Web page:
We do not share many common interests. I find her interest in Korean drama stodgy while she sees my interest in books boring. However, we share the common goal of tying the knot. To me, having an end goal in mind is crucial as it sets the relationship’s foundation in place.
With a firm foundation, both parties can erect pillars to grow their relationship.
Just like the black pepper tree that requires a stake to lean on to grow, every relationship would require a pillar with a firm base. This helps in both managing conflict and strengthening communication.
Many conflicts in relationships arise from selfish thinking and rash decisions made without consultation. Working towards the goal of marriage, my partner and I discussed issues ranging from career pathways, education prospects, investment and housing plans, and even which side of the family will look after our future kids.
We thought that if we aligned from the start, there is less chance of being in a rude shock when communication falters. If one individual was prepared for marriage but the partner refused to be tied down, it would end in eventual separation.
In the inevitable ups and downs of a relationship, having a pillar of shared commonalities mitigate squabbles. A firm foundation realigns us back on course if we deviate.
Living in a separate time zone, I often take Singapore’s safety for granted and forget to check if she is back home safely from work. A conflict might arise if there is an assumption of me lacking the effort to show concern.
Now and then, we clash over ‘trivial’ pickings. I would much rather have these ‘trivial’ arguments than have her suspect my intentions when I am abroad. This is because she knows that we have marriage as the end goal.
By doing so, trust is built. We may argue over the ‘processes’ but never the outcome. In turn, she understands that I live by the Buddhist’s 5 precepts and thus has the faith in me to do the right thing.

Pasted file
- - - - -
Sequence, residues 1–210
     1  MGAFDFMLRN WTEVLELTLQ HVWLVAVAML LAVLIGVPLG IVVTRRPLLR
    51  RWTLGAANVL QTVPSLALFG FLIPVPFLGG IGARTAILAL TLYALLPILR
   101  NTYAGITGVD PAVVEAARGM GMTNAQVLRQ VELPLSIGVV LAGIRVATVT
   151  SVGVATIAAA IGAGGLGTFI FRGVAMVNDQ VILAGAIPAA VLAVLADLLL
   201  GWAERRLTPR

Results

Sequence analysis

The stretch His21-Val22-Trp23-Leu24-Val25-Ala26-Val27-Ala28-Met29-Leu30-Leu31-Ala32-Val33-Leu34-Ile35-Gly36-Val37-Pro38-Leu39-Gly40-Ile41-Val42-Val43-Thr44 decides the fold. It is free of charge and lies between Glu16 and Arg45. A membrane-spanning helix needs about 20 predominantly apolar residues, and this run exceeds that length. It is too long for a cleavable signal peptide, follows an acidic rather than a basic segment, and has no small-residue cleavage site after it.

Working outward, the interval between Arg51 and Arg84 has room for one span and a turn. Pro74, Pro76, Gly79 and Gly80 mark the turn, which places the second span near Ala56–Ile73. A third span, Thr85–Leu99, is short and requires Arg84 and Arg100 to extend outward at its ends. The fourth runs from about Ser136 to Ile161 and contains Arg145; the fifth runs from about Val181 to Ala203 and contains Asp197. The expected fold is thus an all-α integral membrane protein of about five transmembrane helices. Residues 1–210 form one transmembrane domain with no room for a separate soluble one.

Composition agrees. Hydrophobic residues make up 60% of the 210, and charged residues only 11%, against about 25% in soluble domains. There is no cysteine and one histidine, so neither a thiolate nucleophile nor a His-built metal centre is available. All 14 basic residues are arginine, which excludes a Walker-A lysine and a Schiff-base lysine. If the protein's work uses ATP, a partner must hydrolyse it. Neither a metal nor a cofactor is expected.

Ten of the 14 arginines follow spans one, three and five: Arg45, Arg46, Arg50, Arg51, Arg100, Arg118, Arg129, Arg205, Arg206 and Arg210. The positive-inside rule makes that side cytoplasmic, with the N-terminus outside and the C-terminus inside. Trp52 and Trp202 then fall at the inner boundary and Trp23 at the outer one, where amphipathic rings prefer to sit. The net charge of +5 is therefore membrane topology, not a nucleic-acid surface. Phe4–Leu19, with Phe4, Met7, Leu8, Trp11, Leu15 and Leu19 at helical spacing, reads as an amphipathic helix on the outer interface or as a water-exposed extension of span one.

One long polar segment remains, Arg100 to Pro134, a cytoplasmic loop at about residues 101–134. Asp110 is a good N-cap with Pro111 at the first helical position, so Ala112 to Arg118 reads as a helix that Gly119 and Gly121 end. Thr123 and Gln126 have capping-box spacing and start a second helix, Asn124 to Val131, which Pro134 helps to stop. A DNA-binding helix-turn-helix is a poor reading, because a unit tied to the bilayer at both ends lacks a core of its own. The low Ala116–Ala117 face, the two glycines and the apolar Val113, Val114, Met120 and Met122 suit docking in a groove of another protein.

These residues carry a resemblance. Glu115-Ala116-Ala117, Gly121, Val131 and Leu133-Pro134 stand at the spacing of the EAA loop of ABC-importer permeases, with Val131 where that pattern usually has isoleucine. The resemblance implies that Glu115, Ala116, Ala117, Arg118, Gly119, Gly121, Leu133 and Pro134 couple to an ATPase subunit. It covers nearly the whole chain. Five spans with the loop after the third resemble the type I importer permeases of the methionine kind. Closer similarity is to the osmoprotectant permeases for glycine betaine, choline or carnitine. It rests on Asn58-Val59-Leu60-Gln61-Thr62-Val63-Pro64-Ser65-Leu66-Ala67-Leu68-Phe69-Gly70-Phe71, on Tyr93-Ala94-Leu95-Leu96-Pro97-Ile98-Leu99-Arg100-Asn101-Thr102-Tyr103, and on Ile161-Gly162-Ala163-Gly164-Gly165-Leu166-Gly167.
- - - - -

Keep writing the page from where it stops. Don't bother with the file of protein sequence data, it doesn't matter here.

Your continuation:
2. Mindful Communication
Communicating effectively is a crucial aspect of any relationship. The willingness to communicate effectively. At the start, it was difficult. We were both used to the physical presence of one another.
From meeting up and chatting all day to not even chatting at all on some days was tough.
As a result, we fought a lot more. However, we realized what we fought over was not due to the absence of physical presence. What we fought over was the lack of effective communication.
Effective communication entails presenting your views, feelings and values in the way best understood by the receiver. I was not doing that. When we spoke, my replies were often monologue, indirect and anti-climactic. I was merely regurgitating what happened throughout the day and mainly talking about “myself”.
I assumed that sharing my daily overseas routine would keep the conversation going and promote understanding. These assumptions proved to be wrong. While it is instinctively in our nature to talk about ourselves to feel a sense of validation and sympathy, boredom eventually sets in and attention wanders.
Such boredom or agitation is a result of your neural receptors being starved of the attention needed to feel a sense of self-validation.
In simple terms, people don’t always want to listen to everything about you.
My self-esteem was boosted at the expense of my partner and it soon became one-way traffic where our communication was living off the other. There wasn’t an outlet for her to express her daily discontent or the opportunity to talk about “herself”.